There are provisions for this type of thing in the DMCA. I'm not sure to what extent these damages have been enforced, but it appears that the company that submitted these DMCA requests to Google has committed perjury by doing so in bad faith.
Penalties for bad faith DMCA takedowns have ranged from awarding lawyer's fees, &c, to the folks whose content was taken down, to having the party that issued the takedown issue a public apology and take a class on copyright law. It's also perjury, so criminal sanction is an option, though I don't know how likely that is to succeed, or how often it's been pursued.
Forget ill intent. Just make it punishable. The same way they wanted to make sites responsible for what users post, by taking down the entire (DNS removal). It should be equally as dangerous for them to make those accusations with such harsh consequences.
I don't think a DMCA takedown request is related to DNS removal. And I really don't think it's a good idea to punish people making good faith efforts to stop people pirating their content -- even if it turns out they're wrong about e.g. some gray area of fair use.
They do, but when you file a counter notice, you swear on penalty of perjury that you believe the original notice was filed "in error". IANAL either, but it seems like that means that if you want to take the most expeditious means of getting your content back up, you effectively surrender any recourse to call them on their perjury.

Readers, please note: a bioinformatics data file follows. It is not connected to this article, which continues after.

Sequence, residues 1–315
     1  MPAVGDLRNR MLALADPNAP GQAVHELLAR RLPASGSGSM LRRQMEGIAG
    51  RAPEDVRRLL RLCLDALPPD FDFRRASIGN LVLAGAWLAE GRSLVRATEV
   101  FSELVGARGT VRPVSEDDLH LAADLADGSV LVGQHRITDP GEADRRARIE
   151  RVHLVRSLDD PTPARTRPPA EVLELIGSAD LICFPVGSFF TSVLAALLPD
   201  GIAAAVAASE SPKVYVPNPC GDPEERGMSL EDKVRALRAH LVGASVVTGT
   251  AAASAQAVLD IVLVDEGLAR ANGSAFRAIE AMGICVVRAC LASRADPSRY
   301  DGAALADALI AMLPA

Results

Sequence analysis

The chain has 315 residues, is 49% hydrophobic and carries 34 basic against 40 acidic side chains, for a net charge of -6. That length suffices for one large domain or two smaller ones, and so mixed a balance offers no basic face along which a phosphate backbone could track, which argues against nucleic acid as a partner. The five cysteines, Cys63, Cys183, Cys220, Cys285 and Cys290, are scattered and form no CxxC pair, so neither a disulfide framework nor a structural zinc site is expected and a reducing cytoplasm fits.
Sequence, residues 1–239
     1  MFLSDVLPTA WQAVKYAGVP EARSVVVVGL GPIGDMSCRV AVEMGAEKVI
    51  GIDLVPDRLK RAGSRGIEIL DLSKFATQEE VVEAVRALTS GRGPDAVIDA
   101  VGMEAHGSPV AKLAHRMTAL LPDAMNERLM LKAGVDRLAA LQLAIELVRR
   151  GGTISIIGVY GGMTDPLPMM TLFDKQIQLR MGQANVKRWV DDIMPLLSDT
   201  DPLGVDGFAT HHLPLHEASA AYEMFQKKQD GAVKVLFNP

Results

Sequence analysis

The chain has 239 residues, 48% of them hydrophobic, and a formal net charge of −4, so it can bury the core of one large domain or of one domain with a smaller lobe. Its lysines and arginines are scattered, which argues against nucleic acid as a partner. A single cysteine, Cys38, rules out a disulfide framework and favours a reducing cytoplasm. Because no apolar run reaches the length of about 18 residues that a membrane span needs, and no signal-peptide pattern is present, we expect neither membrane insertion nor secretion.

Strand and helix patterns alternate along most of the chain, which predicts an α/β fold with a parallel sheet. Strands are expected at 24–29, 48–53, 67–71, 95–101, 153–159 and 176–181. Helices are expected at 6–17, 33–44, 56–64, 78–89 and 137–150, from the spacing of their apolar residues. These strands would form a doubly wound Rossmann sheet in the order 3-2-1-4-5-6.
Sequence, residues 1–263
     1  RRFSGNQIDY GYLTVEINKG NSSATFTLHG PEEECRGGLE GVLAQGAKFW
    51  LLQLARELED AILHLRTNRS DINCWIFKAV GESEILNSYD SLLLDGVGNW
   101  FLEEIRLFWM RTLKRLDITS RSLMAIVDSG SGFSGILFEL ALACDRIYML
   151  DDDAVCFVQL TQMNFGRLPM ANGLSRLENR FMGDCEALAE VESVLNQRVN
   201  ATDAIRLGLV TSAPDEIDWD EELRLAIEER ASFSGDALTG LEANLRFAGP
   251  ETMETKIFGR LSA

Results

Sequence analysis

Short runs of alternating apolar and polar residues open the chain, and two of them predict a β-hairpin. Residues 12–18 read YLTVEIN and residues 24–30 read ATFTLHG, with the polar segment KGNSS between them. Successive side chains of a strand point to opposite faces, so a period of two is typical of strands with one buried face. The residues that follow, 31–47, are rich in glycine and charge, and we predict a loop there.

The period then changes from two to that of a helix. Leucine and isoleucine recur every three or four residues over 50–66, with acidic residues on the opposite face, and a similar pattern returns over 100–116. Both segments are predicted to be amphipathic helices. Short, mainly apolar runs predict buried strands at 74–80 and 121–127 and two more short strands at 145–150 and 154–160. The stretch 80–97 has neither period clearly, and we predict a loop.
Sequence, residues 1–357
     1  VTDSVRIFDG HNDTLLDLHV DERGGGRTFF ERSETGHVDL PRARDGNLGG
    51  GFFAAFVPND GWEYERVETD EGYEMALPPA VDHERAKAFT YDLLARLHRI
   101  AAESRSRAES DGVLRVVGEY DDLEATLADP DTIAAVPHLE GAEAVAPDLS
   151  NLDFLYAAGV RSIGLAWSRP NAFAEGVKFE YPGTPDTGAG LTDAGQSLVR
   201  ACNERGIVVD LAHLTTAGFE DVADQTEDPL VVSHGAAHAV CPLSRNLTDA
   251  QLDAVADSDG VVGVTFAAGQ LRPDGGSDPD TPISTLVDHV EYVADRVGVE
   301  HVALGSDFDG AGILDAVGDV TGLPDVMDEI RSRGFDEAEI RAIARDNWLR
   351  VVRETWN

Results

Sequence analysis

The headline seems a little alarmist; the article in question wasn't "censored" completely, it was just removed from Google. (I'll preemptively disagree with the argument that if a page is not Googleable it doesn't exist.)
This is a wonderful linguistic cul-de-sac you've steered into, but the fact remains that "censor" means "suppress"; it does not mean "eradicate". When the government of China or Acela's internet filtering vendor block a site, they are censoring it, without removing it from the internet. The same principle applies here.
Indeed - it was only eradicated from Google's search results. My point is that that's a modifier, therefore the use of it is defensible...? That's an objective claim that's completely ridiculous when taken to other contexts.
Whether it's alarmist / excessive is subjective. And, since either would be technically correct, it probably has more to do with implied meanings or the common use of a word, and not the dictionary definition. Their usage of it is certainly defensible, but that has little to do with whether or not a modifier would make it more accurate.
I think we agree that the people who issued this DMCA notice have taken action to suppress content they find objectionable. I can also understand that 'censorship' is a Bad Thing (TM) and people want to limit its use to only the most extreme cases.
But that leaves a problem: what do you call behavior like this?